What IS Your Business, Anyway?

What IS Your Business, Anyway?

As Ash Maurya, the creator of the Lean Canvas and author of Running Lean and Scaling Lean famously said, ‘Your Product is not the product, your business model is the product’[1]. While doing so, Maurya refers to the fact that most start-ups in the early stages of their evolution almost exclusively focus on building their product or service rather than developing their business model.

Founders believe that if they get their ‘product’ right, the market (and therefore, investors) will line up, cheque-booksand/or orders in hand. Sadly, fairy tales seldom pan out in real life. In today’s crowded and competitive market space, your business model is what gets you traction in the market and drives investment in your venture.

Even if you do have both a great product idea as well as first-pass business model in place, how do you get the world to buy into it? In the 1800’s, Ralph Waldo Emerson, the American writer and philosopher, said that if you ‘build a better mousetrap, the world will beat a path to your door’. That might have worked two hundred years ago; today, you need to be able to get out there and make people aware that your start-up exists, that you have genuine solutions to their ‘pains’, to establish trust and credibility and to persuade investors and customers to support you.

In this article, I invite you to consider my extension of Ash Maurya’s concept, which state’s that, especially for early-stage start-ups, ‘your product (or service or idea) is not the product, your communication ofit is’. Here’s why.

Communication IS Your Business

Crafting a great business model and developing a most useful product still does not a successful start-up make. The secret sauce that most early-stage ventures tend to leave out is building a culture and model of communication. And what good is a great model or wonderful idea if people do not get to know about it? Or if you are not effective in building the trust and credibility needed to get people to work with you, to invest in your business or to risk buying your product or service? These outcomes are all functions of how effectively your start-up its founders and employees communicate and pitch. A reasonably good product backed by a great campaign is far more likely to bring you success than a great product and ineffective or poor communication.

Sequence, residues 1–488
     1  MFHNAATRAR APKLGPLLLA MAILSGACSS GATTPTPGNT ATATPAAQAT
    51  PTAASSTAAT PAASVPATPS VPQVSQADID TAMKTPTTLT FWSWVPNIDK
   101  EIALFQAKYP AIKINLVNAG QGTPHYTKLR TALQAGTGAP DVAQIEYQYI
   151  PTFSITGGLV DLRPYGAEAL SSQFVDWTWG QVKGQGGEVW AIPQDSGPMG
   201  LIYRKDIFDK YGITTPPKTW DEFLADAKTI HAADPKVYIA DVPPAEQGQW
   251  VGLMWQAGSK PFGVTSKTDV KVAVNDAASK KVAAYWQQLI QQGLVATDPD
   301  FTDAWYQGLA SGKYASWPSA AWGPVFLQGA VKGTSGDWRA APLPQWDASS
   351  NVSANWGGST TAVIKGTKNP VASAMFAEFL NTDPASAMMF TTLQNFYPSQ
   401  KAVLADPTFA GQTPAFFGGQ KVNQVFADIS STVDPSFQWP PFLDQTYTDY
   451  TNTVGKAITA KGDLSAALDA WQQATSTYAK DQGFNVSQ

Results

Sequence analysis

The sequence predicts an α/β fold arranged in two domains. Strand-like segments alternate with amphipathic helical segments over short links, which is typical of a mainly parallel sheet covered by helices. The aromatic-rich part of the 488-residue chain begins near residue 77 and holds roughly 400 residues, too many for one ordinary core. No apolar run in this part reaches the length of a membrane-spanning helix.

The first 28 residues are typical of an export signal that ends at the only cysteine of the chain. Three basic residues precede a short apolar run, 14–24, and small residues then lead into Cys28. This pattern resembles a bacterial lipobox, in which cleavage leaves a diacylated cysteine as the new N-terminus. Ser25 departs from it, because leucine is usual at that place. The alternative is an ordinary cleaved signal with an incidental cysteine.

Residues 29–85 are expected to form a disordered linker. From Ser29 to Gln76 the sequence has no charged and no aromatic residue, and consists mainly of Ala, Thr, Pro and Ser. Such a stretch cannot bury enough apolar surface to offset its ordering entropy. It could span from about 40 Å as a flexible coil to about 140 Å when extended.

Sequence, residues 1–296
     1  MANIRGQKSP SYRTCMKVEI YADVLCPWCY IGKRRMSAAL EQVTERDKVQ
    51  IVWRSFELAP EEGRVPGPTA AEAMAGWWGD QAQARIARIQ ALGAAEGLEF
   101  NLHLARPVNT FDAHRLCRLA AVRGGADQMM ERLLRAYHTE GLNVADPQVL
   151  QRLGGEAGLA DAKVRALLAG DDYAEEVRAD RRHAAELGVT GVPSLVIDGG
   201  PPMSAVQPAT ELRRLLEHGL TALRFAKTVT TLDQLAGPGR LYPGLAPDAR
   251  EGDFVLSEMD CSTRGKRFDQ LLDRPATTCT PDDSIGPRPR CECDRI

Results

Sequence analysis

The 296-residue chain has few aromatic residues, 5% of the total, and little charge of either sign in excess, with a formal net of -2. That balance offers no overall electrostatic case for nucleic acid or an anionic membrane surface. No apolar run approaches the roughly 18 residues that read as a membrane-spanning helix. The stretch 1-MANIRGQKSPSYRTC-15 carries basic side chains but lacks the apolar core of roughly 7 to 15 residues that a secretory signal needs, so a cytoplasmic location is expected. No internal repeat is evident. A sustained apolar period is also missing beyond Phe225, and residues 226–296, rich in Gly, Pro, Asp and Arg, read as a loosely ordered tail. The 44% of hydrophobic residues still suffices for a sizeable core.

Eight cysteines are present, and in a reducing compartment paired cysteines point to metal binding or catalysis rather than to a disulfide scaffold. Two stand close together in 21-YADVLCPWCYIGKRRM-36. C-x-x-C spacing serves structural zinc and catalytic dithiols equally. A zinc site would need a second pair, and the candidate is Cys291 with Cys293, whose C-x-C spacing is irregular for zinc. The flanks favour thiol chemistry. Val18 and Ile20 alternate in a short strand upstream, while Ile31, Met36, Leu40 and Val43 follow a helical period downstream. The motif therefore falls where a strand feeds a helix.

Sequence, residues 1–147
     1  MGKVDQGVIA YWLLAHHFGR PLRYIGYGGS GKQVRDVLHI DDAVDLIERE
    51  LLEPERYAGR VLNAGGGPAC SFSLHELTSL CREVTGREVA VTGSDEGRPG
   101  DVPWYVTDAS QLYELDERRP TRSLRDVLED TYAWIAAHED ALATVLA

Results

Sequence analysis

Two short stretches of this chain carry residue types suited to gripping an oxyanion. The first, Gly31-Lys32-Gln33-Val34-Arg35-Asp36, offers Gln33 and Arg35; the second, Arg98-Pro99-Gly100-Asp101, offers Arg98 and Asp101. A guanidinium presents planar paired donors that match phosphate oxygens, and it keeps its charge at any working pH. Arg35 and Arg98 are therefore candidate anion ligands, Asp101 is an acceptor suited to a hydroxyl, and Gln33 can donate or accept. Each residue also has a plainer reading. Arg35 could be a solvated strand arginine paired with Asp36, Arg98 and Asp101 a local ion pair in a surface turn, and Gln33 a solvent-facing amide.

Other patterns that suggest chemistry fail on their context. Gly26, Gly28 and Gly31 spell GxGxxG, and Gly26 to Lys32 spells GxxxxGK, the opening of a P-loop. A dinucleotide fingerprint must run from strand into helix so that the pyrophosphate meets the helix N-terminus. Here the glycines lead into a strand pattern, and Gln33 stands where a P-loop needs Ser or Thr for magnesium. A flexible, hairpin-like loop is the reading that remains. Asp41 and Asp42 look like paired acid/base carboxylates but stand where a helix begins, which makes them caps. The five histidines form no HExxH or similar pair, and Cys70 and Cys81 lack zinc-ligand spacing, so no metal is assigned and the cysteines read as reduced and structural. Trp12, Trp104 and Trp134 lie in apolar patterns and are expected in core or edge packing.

For early-stage start-ups Communication is your business – because it connects and enables every facet and function of the start-up, both internal as well as external. Internally, it is the ‘glue’ that helps to build and keep your teams running at peak performance. Externally, it is a source of competitive advantage by differentiating your company and its offerings, by building trust and brand salience, by effectively providing customers, suppliers, partners and investors information about the great things your company is doing and by persuading them to support your start-up.

Here are some questions to ask yourself – reflect on these points ( and be brutally honest with yourself whilst you do so), and decide upon what you are going to do to make your start-up more effective in the near future.

  • Which is more important –communication within the organization or external to it?
  • What is the level and quality of your communication with your fellow founders or pioneer employees?
  • Do you have a communication function or champion in the team? Who is your Chief Pitching Officer or CPO?
  • How effective are your internal and external meetings?
  • Are you devoting enough time to developing core messages and communication strategy and sharing and discussing these with your team?
  • Have you ever presented your business model using the Business Model Canvas or the Value Proposition Canvas rather than PowerPoint or Prezi?

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